Leicester academic discusses world corruption

Posted by mjs76 at May 10, 2011 09:31 AM |
When the EconomyWatch website were preparing their special report on corruption around the world, they called on the expertise of Dr Jon Moran from our Department of Politics and International Relations.

Berlin-based watchdog Transparency International has published a Corruption Perception Index, ranking the world’s most corrupt countries. Somalia comes top (or bottom, in a sense), followed by Myanmar and then Iraq and Afghanistan.

“The lack of basic security [in Iraq] after 2003 fuelled violent crime,” explains Dr Moran. “Basic services disappeared and everyone was forced to use contacts, and black markets and other desperate measures to simply get by.”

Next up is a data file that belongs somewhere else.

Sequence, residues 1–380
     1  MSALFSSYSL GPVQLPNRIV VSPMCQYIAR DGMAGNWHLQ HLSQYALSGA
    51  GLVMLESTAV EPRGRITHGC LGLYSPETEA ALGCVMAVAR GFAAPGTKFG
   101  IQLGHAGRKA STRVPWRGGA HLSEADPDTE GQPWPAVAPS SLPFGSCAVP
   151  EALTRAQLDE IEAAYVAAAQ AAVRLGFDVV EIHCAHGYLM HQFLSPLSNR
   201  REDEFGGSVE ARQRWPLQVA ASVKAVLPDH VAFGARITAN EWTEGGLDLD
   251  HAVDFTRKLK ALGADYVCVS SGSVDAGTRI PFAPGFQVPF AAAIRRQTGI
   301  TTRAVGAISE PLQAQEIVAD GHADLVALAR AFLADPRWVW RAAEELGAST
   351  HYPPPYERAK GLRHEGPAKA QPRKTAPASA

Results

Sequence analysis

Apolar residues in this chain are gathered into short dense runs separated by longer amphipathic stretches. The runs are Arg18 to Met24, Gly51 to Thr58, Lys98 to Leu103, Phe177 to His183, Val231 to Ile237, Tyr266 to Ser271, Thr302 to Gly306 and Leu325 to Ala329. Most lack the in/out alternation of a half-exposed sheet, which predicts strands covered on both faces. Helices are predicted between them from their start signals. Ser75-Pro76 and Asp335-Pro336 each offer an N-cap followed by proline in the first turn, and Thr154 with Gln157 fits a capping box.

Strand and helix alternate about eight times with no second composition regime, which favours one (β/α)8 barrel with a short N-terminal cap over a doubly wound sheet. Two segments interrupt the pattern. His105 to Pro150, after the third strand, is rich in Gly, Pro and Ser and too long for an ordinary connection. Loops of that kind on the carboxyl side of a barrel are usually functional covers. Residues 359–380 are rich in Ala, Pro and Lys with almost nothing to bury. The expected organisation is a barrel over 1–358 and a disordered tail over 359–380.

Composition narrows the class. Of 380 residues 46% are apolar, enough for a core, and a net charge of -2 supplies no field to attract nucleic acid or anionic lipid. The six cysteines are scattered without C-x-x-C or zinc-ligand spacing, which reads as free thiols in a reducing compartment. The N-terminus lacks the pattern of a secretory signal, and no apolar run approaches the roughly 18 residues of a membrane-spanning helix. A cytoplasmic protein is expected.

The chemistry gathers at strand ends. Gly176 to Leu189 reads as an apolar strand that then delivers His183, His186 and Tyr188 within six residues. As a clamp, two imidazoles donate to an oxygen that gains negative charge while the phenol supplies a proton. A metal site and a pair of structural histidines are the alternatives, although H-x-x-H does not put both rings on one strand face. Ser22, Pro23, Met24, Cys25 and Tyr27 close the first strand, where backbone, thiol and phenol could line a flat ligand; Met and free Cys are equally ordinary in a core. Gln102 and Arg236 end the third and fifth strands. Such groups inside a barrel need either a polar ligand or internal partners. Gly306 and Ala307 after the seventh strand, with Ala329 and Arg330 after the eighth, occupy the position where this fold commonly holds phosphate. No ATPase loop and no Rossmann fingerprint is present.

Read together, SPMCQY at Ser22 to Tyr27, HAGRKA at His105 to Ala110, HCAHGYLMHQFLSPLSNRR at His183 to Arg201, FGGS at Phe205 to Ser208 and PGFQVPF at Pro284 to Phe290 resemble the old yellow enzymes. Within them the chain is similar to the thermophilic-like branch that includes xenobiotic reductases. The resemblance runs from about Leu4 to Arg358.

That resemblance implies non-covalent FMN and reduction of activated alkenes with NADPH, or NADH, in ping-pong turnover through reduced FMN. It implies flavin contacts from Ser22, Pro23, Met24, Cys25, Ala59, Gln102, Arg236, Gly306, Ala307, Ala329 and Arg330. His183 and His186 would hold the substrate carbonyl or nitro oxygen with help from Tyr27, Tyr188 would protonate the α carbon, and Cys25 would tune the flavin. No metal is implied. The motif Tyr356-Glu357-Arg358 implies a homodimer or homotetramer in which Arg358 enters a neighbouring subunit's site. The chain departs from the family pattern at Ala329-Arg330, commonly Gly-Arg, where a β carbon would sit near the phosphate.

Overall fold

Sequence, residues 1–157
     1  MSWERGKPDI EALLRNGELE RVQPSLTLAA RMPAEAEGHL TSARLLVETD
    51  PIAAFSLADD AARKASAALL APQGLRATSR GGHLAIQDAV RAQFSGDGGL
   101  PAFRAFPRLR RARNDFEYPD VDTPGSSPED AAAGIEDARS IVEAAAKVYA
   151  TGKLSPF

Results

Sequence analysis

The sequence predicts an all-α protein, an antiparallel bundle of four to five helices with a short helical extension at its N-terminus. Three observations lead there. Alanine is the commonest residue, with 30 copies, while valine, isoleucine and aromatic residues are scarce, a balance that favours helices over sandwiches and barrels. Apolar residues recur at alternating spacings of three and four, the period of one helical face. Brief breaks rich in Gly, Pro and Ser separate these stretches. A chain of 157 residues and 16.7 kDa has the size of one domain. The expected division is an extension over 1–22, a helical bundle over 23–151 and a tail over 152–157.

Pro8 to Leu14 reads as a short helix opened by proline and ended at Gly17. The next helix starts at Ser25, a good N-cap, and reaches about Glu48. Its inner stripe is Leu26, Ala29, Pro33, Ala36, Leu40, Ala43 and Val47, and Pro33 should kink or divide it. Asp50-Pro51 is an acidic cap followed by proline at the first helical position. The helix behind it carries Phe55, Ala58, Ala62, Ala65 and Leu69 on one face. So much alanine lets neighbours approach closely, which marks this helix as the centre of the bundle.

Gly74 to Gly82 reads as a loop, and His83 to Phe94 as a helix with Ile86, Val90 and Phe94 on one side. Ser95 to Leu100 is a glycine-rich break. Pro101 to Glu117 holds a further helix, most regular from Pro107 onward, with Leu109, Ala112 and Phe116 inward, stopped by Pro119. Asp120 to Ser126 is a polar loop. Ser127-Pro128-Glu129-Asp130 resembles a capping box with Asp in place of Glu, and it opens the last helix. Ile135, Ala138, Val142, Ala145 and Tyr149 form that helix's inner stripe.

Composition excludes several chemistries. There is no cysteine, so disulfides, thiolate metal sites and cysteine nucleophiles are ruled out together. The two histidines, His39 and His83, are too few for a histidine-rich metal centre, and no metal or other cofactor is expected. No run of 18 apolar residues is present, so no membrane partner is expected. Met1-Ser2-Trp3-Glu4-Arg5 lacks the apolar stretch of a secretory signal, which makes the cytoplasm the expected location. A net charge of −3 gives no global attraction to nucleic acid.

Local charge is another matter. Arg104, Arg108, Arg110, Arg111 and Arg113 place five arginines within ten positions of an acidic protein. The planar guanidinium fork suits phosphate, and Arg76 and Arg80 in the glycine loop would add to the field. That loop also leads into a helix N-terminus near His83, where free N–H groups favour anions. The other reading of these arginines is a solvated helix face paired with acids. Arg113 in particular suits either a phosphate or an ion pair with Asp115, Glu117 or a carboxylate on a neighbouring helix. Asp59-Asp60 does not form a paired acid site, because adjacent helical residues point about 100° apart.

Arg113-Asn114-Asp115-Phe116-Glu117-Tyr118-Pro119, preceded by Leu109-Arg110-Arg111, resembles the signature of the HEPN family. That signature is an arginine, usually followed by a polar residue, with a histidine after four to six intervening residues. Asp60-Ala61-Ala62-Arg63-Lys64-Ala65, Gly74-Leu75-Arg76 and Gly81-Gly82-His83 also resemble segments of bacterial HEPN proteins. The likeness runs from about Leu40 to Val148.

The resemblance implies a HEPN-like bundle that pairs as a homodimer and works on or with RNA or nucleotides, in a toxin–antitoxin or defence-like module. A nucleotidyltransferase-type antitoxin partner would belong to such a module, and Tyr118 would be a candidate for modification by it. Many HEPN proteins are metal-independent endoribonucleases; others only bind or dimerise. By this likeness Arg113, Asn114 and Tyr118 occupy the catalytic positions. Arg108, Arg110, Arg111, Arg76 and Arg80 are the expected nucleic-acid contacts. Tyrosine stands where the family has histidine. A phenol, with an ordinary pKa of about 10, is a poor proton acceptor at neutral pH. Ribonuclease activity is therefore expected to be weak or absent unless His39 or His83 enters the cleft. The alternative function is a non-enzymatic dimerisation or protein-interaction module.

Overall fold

Discussing the situation in Afghanistan he points to the opium industry as a key factor in the country’s high corruption ranking: “Afghanistan has always been a major supplier of opium, but the war has created a surge in opium growth. Lack of security, corrupt local security, and the encouragement by the Taliban of opium-growing have all contributed.”

Dr Moran's new book Crime and Corruption in New Democracies: The Politics of (In)security will be published by Palgrave in August.

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